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Subatomic Particles

Subatomic Particles

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Subatomic Particles

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  1. Subatomic Particles Lesson 10

  2. Objectives • describe the modern model of the proton and neutron as being composed of quarks. • compare and contrast the up quark, the down quark, the electron and the electron neutrino, and their antiparticles, in terms of charge and energy ﴾mass-energy﴿. • describe beta-positive ﴾β+﴿ and beta-negative ﴾β-﴿ decay, using first-generation elementary fermions and the principle of charge conservation.

  3. Standard Model • We know now that there are more than just protons, neutrons, and electrons that make up the atom. • In all, more than 300 sub atomic particles have been discovered. • To make sense of all of these particles, physicists form groups

  4. Classes of Particles

  5. Descriptions of Particles • Elementary Particles: • particles with no internal structure (ie: are not composed of other particles) • Classified according to their spin • Fermions have half-integer spin (1/2) • Bosons have integer spin (1) • Composite Particles: • are composed of other particles (can be broken down further)

  6. Elementary Particles: Bosons • These particles are said to mediate the fundamental forces of nature

  7. Elementary Particles: Fermions • These are the smallest known particles • They make up all other types of matter • There are 2 different types: • Quarks (6 types) • Leptons (6 types)

  8. Quarks • Quarks are involved in strong nuclear forces because quarks make up the particles of the nucleus (protons and neutrons). • In order to obey the Law of Conservation of Charge in nuclear reactions, many of quarks have fractional charges:

  9. Quarks

  10. Leptons • The particles outside the nucleus (ie: electron and electron neutrino) are called leptons • These are much smaller than nucleons • Together, protons, neutrons and electrons, and electron neutrinos are first generation fermions. • Other examples of leptons are the muon (μ) and the tauon ( ) particles (as well as their neutrinos)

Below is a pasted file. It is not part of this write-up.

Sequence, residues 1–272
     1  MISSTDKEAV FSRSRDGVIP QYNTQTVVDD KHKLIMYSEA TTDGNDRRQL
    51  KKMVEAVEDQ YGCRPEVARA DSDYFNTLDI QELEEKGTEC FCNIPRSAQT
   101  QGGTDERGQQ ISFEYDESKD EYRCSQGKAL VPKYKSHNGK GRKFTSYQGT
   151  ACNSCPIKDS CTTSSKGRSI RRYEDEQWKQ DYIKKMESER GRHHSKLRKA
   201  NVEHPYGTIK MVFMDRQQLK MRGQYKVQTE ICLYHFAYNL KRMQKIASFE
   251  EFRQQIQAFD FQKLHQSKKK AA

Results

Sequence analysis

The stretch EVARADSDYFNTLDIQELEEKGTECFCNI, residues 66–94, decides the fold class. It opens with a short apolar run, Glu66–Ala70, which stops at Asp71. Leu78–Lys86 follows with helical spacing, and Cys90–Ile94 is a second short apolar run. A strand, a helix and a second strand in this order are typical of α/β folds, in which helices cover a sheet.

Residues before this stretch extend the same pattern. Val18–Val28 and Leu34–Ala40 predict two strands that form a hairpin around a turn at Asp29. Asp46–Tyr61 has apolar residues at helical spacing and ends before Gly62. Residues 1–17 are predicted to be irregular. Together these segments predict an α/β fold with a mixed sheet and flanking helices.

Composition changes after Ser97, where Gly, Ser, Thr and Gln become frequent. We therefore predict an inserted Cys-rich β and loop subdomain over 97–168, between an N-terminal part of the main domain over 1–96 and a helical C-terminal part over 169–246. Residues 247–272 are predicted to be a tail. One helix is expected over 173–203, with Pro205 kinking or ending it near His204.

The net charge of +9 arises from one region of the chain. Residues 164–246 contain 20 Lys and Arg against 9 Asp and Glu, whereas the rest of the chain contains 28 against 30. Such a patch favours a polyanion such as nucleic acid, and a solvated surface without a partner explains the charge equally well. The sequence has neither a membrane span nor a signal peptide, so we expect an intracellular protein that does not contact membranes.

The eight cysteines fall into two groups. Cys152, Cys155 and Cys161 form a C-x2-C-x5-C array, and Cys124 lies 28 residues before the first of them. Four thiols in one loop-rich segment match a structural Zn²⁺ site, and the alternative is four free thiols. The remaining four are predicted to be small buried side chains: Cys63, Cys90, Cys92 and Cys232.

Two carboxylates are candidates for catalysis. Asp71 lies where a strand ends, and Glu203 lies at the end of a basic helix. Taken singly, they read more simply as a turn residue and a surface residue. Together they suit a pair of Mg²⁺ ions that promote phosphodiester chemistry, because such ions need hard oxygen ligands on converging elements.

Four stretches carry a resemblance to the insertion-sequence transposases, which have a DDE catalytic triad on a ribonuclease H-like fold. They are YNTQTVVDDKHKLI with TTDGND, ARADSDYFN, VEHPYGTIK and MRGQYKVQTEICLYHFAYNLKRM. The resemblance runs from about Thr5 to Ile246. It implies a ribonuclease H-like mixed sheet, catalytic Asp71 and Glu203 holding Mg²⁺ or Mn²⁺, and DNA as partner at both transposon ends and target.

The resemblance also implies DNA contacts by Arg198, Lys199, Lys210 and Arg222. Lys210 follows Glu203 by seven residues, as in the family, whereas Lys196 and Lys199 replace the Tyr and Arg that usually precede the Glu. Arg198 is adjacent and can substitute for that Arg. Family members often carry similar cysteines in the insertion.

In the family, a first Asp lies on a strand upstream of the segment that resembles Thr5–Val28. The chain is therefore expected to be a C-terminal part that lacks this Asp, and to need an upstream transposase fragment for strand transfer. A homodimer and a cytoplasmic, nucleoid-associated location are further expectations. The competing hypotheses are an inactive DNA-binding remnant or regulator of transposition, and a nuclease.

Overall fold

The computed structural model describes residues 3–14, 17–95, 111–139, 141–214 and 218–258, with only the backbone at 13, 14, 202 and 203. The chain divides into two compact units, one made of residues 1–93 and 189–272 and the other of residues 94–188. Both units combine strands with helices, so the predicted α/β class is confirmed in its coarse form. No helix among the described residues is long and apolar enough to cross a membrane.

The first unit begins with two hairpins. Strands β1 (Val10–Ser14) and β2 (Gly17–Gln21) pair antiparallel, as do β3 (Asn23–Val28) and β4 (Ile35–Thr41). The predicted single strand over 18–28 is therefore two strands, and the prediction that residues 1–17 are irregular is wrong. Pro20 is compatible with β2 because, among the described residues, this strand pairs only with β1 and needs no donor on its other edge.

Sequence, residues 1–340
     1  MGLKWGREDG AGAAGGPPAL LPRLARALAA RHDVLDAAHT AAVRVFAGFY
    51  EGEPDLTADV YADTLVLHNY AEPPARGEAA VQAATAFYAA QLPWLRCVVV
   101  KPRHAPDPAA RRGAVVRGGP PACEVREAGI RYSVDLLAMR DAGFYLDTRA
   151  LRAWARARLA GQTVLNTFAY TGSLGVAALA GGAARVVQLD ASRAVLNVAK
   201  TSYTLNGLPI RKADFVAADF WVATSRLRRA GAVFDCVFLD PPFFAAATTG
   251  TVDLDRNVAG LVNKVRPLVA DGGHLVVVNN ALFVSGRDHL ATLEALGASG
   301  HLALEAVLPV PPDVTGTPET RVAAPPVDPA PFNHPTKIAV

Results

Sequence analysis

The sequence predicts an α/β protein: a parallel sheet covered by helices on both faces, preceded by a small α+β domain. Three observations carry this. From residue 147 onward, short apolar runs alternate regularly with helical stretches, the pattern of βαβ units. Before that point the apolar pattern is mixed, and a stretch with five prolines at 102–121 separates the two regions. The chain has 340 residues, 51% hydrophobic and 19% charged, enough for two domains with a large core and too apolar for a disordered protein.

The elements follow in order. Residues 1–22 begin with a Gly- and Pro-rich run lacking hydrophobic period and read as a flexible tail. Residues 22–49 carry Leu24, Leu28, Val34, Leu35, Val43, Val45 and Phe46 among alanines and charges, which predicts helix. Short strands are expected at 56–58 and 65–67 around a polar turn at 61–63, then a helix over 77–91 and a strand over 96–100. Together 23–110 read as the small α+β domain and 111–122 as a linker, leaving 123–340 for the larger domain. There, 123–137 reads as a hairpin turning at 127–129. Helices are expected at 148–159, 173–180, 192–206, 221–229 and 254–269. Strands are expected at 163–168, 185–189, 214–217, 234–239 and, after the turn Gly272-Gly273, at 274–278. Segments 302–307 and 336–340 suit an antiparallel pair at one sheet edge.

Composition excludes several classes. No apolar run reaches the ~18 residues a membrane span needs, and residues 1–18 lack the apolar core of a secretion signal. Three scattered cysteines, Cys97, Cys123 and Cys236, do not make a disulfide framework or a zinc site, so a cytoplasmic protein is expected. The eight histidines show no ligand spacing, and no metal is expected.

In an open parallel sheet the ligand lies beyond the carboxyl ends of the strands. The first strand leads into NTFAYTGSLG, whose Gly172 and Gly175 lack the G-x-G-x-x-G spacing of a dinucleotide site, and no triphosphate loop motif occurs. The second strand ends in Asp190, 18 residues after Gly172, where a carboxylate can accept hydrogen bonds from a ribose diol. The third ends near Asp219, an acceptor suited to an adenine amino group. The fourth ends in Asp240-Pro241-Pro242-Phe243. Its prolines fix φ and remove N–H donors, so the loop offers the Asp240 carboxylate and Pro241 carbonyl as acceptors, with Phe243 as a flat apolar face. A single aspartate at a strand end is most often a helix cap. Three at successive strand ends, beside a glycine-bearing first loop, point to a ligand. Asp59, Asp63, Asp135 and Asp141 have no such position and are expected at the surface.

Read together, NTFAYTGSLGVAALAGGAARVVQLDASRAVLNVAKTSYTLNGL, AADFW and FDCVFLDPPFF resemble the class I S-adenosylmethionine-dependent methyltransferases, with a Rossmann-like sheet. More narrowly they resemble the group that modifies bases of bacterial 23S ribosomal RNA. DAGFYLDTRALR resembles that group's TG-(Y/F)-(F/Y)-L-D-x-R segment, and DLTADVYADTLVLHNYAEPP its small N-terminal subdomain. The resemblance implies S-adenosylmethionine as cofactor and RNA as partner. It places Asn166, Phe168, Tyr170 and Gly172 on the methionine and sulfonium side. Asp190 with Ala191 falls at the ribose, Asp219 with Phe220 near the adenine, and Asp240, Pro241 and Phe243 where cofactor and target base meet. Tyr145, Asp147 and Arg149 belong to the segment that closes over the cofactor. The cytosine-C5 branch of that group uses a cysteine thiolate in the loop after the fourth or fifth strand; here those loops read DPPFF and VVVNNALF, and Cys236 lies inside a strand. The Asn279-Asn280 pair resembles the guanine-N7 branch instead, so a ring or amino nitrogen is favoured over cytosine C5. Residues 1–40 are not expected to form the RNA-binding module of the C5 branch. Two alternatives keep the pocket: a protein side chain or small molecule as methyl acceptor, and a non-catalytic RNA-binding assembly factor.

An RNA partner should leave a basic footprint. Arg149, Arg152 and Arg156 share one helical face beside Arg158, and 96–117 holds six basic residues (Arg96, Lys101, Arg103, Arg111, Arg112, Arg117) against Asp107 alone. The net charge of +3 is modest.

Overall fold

11. Quick Review • All matter is made up of the 6 quarks and 6 leptons. • Protons and neutrons are made up of quarks • Electrons and neutrinos are made up of leptons

  12. Composite Particles: Hadrons • These are particles that interact (display their properties) via forces, most notably the strong nuclear force. • These particles are made up of smaller particles called quarks and/or anti-quarks. • Ex: neutrons, protons • There are 2 types: • Baryons (composite fermions) • Mesons (composite bosons)

  13. Hadrons: Mesons • Ordinary mesons are made up of one quark and one anti-quark • They are classified as composite bosons because they have the same spin (integer spin) but they are not elementary particles • Some examples include pions (π+) and kaons (к+)

  14. Hadrons: Baryons • Baryons are composed of either three quarks or three antiquarks • They are classified as composite fermions because they are involved in the strong forces of the nucleus. • The most widely known baryons are the proton and the neutron • Recall that quarks must have fractional charges in order to make the correct proton and neutron charges

  15. Protons • made up of two up quarks and one down quark (uud):

  16. Neutrons • made up of two down quarks and one up quark (udd):

  17. Beta Decay: Revisited • These quarks can also explain the reaction seen during a beta decay: • In beta-negative decay, one neutron turns into a proton and an electron and an anti-neutrino:

  18. Beta Decay: Revisited • If we now include the symbols for quarks as protons/neutrons: • In this more complete eqn. for beta-negative decay, a W-boson is produced (the mediator for the weak nuclear decay force), which decays itself into the beta particle and antineutrino.

  19. Beta Positive Decay • Beta-positive decay can be described through a similar process:

  20. Note: Antimatter • Each particle of matter has an antiparticle. • As we have seen, electrons have an antiparticle, the positron. • Protons also have an antiparticle, the antiproton (scientists have used this particle to produce antihydrogen!) • The latest research is discovering why there is a discrepancy in the amount of matter vs. antimatter in the universe